See the Pen [Gradient and border radius](https://codepen.io/smashingmag/pen/ZEPoayw) by Temani Afif.

See the Pen Gradient and border radius by Temani Afif.

For the custom tail shape, we have to update the code slightly to consider the overflow on the left and right sides of the tooltip. The idea is to increase the gradient’s area when the tail is about to leave the container.

.tooltip {
  --p: 50%;  /* position  */
  --x: -2em; /* tail shape and direction */

  --_e: max(0%, -1 * var(--x) - var(--p), var(--x) + var(--p) - 100%);
  
  background:
    50% 0 / calc(100% + 2*var(--_e)) calc(100% + var(--h)) 
    linear-gradient(60deg, #CC333F, #4ECDC4); /* the gradient */
}
.tooltip:before {
  inset: 0 calc(-1 * var(--_e)) calc(-1 * var(--h));
  padding-inline: var(--_e);
}

Alongside the --x variable that controls the tail’s shape and direction, I have introduced a new variable, --_e, that defines the gradient’s width for covering the .tooltip as well as the pseudo-element’s inline padding and its left and right values. It may look like a complex configuration, but the idea is that --_e will, in most cases, be equal to 0, which gives us the same code as the last example we made. But when the tail overflows the .tooltip container, the --_e value increases, which increases the area of the gradient as well in order to cover the overflow.

Play with the position and shape of the tail in the following demo and notice how the gradient changes when the tail overflows the sides.

See the Pen [Custom tail with border radius and gradient](https://codepen.io/smashingmag/pen/RwdyExJ) by Temani Afif.

See the Pen Custom tail with border radius and gradient by Temani Afif.

I know this last code may look complex (same for some of the previous ones), and for this reason, I created an online collection of tooltips from where you can easily grab the code. I’ve tried to cover as many cases as possible, even the ones you will probably never need. That said, it’s good to have an idea of how to build various tooltip shapes.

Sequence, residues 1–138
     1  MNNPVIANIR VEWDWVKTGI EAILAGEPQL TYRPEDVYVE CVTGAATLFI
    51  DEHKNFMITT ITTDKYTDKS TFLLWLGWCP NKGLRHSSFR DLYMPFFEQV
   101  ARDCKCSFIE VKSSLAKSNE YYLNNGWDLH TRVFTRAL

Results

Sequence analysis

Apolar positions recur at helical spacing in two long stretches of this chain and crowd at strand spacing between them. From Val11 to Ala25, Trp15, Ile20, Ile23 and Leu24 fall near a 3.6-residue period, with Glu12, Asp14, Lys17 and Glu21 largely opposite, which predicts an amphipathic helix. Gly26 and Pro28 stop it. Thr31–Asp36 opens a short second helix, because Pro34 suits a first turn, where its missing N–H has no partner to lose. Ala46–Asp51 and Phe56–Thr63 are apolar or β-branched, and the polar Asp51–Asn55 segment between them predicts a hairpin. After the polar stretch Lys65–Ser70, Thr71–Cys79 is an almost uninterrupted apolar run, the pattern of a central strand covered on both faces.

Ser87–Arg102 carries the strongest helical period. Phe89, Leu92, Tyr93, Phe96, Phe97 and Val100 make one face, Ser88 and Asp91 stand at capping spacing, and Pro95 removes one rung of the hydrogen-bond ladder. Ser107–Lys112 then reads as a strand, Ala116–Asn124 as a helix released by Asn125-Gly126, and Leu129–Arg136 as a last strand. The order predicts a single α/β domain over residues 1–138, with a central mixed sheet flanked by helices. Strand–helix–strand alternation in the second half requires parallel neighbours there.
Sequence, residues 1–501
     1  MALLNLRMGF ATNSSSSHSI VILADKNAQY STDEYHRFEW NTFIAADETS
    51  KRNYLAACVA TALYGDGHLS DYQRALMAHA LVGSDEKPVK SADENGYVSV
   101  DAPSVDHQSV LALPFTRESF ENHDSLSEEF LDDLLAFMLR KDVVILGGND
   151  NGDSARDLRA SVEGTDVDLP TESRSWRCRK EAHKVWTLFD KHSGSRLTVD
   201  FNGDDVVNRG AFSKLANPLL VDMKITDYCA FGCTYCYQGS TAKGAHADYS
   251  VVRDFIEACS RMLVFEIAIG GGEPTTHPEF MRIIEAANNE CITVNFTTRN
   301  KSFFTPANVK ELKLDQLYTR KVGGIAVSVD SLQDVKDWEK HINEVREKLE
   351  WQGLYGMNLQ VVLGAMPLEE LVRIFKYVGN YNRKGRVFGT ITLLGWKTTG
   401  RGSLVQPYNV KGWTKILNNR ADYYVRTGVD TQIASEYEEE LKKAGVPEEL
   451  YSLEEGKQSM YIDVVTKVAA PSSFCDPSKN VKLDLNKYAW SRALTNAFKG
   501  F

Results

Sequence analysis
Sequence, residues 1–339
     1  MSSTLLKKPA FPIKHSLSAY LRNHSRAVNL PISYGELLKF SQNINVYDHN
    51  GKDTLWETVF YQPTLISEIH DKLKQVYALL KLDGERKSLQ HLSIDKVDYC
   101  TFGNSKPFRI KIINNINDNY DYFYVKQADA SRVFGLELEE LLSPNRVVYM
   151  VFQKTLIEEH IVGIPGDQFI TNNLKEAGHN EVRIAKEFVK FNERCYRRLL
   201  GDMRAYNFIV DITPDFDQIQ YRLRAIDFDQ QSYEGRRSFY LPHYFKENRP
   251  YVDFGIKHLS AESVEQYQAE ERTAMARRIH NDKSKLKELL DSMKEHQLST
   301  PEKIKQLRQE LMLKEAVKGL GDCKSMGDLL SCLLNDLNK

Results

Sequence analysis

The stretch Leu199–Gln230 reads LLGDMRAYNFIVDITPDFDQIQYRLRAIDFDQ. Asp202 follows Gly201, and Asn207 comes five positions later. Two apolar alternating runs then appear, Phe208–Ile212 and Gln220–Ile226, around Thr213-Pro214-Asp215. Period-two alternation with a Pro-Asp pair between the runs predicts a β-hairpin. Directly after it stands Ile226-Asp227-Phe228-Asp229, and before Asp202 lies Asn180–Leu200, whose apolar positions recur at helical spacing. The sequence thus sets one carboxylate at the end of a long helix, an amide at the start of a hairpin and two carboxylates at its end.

One Last Thought

If we do the count, we have made 32 different tooltip shapes. That’s two types of color (solid or gradient), two types of corners (sharp or rounded) that produce four more variations, and two types of tail shapes (isosceles triangle and custom) for two additional variations, and four different tail positions (top, bottom, left, and right) which brings the final tally to 32 tooltip variations.

The last example we studied can be used to produce all the shapes simply by adjusting the different variables.

I know what you’re thinking: Why didn’t I simply share the last snippet and call it a day? Did this article really have to be so long when we could have jumped straight into the solution?

Sure, we could have done that, but If you compare the first example with only two CSS properties with the last example, the code for the last example is far too complex to create what can otherwise be accomplished in fewer lines. We started with a basic tooltip shape and embarked on a journey to make it account for more complex types of tooltips. Plus, we have learned a lot of tricks that can be useful in other situations and not necessarily for creating tooltips.

Conclusion

That’s all for Part 1 of this brief two-part series. We still have many more shapes to cover in Part 2, so take the time to digest what we covered in Part 1 before jumping ahead. In fact, here’s a little homework to help prepare you for Part 2: try creating the following tooltips using the CSS tricks you learned from this article.

Showing four different tooltip shapes
(Large preview)

Can you figure it out? The code for all of them is included in my tooltip collection if you need a reference, but do try to make them yourself — it’s good exercise! Maybe you will find a different (or perhaps better) approach than mine.

Smashing Editorial
(gg, yk)